The National Commission for Computing and Civil Liberties, the French privacy agency, wrote to Larry Page, Google’s co-founder and chief executive, that the proposed policy was unclear in the details of how the company would use private data.
“Rather than promoting transparency, the terms of the new policy and the fact that Google claims publicly that it will combine data across services raises fears about Google’s actual practices,” the letter from the French privacy agency, known as CNIL, said. “Our preliminary investigation shows that it is extremely difficult to know exactly which data is combined between which services for which purposes, even for trained privacy professionals.”
Google has been quietly collecting most of this information for quite a while. But now, for the first time, it is combining data from across its varied sites to create a unified portrait of its users. The changes take place on March 1st and users will not be able to decline the tracking.
Consumer advocates in the United State and Europe have been sounding alarms for some time over the announced changes. Common Sense Media chief executive, James Steyer noted, “Google’s new privacy announcement is frustrating and a little frightening. Even if the company believes that tracking users across all platforms improves their services, consumers should still have the option to opt out—especially the kids and teens who are avid users of YouTube, Gmail and Google Search.”
A number of lawmakers and consumer advocates remain skeptical of Google’s intentions. “There is no way anyone expected this,” said Jeffrey Chester, executive director of the Center for Digital Democracy. “There is no way a user can comprehend the implication of Google collecting across platforms for information about your health, political opinions, and financial concerns.”
France’s warning to Google carries possible implications for other European Union countries. The French regulator was acting at the request of an advisory panel to the European Commission, which asked the French agency to conduct an initial assessment of the Google privacy changes.
The French commission is already in the process of overhauling its privacy rules to bring them in line with the era of the Internet and cloud computing. The commissioner in charge of privacy, Viviane Reding, has called for streamlined privacy rules, which currently vary widely across the European Union, with separate enforcement bodies like the French privacy agency overseeing national guidelines.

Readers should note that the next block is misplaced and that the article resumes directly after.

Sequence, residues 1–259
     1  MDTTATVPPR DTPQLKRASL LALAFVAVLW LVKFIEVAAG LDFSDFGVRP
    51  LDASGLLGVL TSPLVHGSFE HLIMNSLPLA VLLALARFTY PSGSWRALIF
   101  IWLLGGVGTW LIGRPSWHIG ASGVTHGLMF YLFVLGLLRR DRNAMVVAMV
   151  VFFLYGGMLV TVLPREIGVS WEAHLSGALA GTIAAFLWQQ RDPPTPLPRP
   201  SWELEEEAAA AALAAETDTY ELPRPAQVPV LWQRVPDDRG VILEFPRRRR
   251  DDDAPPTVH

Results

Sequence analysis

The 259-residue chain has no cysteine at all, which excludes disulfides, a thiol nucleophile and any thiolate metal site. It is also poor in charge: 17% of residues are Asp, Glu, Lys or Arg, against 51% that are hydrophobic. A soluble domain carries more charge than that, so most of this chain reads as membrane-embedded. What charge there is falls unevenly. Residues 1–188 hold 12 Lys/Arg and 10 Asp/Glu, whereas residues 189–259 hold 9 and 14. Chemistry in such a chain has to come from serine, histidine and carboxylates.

Google is also facing an antitrust investigation in Brussels, where the European Commission is examining its dominant position in Internet search. The privacy policies of individual Google services, especially its StreetView mapping feature, have also been investigated in a number of European Union countries.
“Like all companies, we have struggled with the conundrum of how to pursue both of the CNIL’s recommendations: How to ‘streamline and simplify’ our privacy policies, while at the same time providing ‘comprehensive information’ to our users,” Mr. Fleischer’s letter states.
The French privacy agency can fine companies up to 300,000 euros ($400,000) for privacy breaches in France. It can also seek court orders to try to stop companies from engaging in practices that are deemed to violate data protection laws. Enforcement in other European countries would be up to individual data protection authorities.
Big Brother Watch, a British privacy advocate, published a study on Tuesday that said only twelv percent of Google users had read the new policy. Forty-seven percent were unaware of the changes, the study showed.
“Google is putting advertisers’ interests before user privacy and should not be rushing ahead before the public understands what the changes will mean,” the group said in a statement posted on its Web site.
© 2012 Off the Grid News